Does that sound like the kind of place you want to spend eternity? I’m not so sure it is for many people. The closer we come to Christ, the more we want that kind of life. But there’s part of us that wants other things besides living under God’s leadership, doing the things He teaches us. In fact, one of the key purposes of life in this world is for us to become people who are actually ready for heaven. When the end of life comes, God wants us to be prepared to enjoy eternity, so we have a lot of changing and learning and becoming to do in this life. That is what Paul is focused in on when he says in v. 14, “I press on toward the goal.”
But there’s something he has to do in order to press on. He says in v. 13b it is “forgetting what lies behind.” Many years ago, a talented but young Greek artist named Timanthes studied under a well-known
tutor. After several years, the young painter created an excellent picture. He was so thrilled with it that he sat day after day looking at his work.
One morning, however, he discovered something shocking. His teacher had come and on purpose ruined Timanthes’ painting.
Angry and in tears, Timanthes ran to him and asked why he had destroyed the picture that he loved so much. The wise man replied, “I did it for your own good. That painting was slowing your progress. It was an excellent piece of art, but it was not perfect. Start again and see if you can do even better.” The student took his advice and created a masterpiece called “Sacrifice of Iphigenia.” Today it is thought by some to be one of the finest paintings of ancient times.
For some of us, the need to leave the past in the past is there because we, like Timanthes, have nice feelings about our lives up to now, but we have them in a way that damages us and holds us back. We may have to lose our pride, for example, before we can truly move ahead.
For other people, thinking about the past brings back the pain of broken relationships, lost dreams, abuse, our mistakes, our sin, or other bad feelings. A pastor named John Ortberg said there are three kinds of bad things we need to let go of if we are going to move ahead in life as free people. There’s “my bad.” Sometimes we need to honestly admit that at least part of our problems have come as a result of our own choices. Then there’s “your bad.” Sometimes our pain from the past is not something we chose our way into but came from someone else or others. Last, there’s “It’s bad.” Sometimes it’s not our fault or someone else’s fault, but painful things just happen anyway. Part of our trouble in life comes simply from living in a broken world where sin exists and bad things happen for reasons that no one understands very well.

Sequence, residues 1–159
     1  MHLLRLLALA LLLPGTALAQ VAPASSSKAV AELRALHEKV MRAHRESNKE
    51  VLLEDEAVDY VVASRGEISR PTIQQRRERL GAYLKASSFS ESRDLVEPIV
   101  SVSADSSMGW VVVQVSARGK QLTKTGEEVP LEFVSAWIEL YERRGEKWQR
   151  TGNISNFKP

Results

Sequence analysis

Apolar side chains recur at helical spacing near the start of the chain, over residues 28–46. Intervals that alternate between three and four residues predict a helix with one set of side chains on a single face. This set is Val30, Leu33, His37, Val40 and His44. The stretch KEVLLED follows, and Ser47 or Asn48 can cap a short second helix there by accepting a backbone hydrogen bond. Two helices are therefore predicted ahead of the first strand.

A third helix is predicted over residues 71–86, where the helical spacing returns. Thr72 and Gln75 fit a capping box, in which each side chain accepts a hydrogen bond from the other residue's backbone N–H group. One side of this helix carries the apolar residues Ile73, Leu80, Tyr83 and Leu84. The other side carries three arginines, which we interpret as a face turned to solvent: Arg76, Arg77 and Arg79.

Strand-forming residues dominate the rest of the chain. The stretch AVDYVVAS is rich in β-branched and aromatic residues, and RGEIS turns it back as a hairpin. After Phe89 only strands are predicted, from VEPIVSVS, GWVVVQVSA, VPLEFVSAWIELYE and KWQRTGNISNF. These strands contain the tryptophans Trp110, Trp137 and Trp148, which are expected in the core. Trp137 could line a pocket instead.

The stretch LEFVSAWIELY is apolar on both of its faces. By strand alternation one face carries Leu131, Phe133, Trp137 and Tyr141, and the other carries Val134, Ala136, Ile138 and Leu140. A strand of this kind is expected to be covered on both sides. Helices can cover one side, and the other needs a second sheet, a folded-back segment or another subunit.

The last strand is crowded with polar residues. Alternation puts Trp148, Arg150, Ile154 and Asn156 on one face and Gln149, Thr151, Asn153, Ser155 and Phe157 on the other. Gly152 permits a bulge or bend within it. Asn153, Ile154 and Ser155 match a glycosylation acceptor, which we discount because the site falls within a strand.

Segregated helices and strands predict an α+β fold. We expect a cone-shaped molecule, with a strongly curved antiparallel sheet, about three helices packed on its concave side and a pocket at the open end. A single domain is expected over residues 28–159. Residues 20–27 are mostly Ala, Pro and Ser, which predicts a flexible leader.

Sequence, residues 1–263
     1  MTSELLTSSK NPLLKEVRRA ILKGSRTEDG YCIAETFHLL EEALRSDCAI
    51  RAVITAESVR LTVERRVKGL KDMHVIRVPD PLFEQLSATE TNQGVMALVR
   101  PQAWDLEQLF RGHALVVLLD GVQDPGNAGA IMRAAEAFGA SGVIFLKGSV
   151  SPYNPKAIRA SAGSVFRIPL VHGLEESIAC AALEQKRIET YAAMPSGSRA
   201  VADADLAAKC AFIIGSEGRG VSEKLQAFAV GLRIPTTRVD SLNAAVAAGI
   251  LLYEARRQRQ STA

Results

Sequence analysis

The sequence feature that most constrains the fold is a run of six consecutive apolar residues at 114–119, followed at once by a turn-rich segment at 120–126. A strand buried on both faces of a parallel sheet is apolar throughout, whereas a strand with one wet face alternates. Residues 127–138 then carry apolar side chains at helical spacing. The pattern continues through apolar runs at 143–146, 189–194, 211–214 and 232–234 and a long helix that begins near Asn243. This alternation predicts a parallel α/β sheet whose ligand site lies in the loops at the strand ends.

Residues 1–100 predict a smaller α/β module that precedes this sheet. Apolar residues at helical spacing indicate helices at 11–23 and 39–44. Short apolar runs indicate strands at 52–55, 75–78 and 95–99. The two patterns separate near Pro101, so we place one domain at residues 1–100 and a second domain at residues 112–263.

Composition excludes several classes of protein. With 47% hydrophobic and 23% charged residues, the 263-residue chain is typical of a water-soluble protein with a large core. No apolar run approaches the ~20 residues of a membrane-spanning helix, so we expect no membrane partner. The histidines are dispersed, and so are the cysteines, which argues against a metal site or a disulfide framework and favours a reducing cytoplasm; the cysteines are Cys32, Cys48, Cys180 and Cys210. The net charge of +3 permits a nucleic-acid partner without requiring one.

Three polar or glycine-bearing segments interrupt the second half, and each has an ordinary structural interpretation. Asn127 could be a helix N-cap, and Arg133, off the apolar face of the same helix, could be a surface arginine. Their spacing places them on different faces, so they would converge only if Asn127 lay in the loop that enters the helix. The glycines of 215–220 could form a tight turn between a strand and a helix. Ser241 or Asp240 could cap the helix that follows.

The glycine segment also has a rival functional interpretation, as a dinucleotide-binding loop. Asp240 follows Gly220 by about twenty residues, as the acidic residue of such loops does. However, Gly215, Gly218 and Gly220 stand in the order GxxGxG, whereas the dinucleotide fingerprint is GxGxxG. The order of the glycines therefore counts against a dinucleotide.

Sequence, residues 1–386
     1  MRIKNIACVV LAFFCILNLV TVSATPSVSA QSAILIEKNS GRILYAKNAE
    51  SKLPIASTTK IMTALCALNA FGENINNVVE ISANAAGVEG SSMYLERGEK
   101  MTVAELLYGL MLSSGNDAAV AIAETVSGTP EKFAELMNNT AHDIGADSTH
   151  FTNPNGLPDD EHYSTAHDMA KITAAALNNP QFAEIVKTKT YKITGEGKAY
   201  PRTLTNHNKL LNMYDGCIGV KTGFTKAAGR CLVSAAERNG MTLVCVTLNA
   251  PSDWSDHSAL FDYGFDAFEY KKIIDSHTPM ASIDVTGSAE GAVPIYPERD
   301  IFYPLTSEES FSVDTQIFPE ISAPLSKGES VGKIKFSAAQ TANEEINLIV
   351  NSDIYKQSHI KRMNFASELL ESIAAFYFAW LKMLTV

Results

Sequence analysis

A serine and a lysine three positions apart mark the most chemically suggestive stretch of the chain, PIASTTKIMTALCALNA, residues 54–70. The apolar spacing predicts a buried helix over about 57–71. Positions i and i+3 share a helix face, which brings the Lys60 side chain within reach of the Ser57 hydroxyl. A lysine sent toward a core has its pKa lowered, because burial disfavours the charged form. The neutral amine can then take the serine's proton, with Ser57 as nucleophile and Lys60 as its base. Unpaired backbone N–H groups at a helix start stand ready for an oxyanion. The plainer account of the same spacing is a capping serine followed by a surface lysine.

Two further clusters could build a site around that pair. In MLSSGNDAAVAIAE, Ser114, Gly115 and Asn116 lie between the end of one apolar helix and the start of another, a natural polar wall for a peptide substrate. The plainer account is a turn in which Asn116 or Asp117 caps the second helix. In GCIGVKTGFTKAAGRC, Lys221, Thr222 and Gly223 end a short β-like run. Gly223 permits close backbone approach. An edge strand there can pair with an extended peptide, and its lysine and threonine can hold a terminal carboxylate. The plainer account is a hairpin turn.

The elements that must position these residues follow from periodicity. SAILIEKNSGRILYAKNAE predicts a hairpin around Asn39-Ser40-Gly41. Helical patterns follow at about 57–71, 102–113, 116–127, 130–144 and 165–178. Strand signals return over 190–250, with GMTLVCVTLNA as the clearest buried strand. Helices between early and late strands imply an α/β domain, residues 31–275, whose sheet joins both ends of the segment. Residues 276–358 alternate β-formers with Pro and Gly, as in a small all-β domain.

So what can we do so that we can say with Paul, “I am forgetting what lies behind”? The Bible teaches us a Christian response to “my bad.” It is repentance. Thank God, we can change our minds, change our attitudes, and turn our backs on our bad choices and begin following Christ again. It’s not too late. A big part of the good news of the gospel is right here. You can repent. Is there something about which God is telling you today that you need to repent?
Then about “your bad,” God calls us to be people who practice forgiveness. It’s not only a nice idea or a goal to work toward. It’s a habit of the heart and a choice. We can make it with God’s help and probably not without it. Is there a person you need to forgive today? Is it time to let go of those feelings toward someone that are keeping you from pressing on toward your prize?
Then there’s the Christian response to “It’s bad.” Christ’s followers react with hope. To live in a crazy world like ours with real hope is not something that happens naturally, is it. To have true hope in the face of all that happens in our lives, we need a strong faith.
Now there are different kinds and levels of hope, aren’t there. When life hits us hard, besides giving up, how can we respond? Some people just survive. They don’t really overcome their past. It still has a tight hold on them, but they somehow move ahead from day to day. Other people recover. It is a hard struggle, but they in time regain the level of happiness or peace that they had before. Some let the pain from their past become their teachers and learn from it. They let it push them to become stronger than they were before. I have met people like that, and I respect them greatly for it. But Paul goes even further. He sets his sights on an even higher hope—eternal life itself—or “the upward call of God in Christ Jesus” (v. 14). God doesn’t settle for anything less than that high hope and high calling when he looks at your life. He sees your past, but even more, He sees how He can use it to build a great future with you, as you learn to let go of the past and move ahead together with Him.